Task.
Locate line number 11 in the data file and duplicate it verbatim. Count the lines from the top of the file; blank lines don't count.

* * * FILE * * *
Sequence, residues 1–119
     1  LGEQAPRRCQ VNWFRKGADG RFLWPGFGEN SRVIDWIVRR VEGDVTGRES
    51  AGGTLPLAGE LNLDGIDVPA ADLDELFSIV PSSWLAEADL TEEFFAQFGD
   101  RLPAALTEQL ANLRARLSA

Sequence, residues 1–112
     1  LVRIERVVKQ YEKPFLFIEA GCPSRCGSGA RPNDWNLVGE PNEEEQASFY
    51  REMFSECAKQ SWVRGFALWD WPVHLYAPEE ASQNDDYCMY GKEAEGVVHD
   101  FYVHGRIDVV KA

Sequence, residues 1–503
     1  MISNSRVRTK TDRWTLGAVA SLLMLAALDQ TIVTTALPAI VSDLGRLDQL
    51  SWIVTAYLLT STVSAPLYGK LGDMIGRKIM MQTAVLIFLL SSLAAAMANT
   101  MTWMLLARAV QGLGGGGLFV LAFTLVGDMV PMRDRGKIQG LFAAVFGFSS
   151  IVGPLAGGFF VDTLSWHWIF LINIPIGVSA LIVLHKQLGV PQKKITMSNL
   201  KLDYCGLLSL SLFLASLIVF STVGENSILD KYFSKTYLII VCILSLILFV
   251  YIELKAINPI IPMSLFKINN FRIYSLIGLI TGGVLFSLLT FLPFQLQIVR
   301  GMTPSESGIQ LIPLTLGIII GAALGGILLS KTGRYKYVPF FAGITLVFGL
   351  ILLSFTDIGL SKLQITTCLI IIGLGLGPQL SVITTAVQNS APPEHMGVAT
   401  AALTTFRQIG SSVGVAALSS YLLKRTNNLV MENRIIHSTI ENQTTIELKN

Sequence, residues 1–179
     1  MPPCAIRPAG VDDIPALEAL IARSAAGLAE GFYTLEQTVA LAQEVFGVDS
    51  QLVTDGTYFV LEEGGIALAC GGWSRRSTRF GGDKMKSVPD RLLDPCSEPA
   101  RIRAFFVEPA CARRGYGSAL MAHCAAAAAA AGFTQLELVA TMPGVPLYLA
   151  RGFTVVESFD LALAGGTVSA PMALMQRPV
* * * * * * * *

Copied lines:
    51  SWIVTAYLLT STVSAPLYGK LGDMIGRKIM MQTAVLIFLL SSLAAAMANT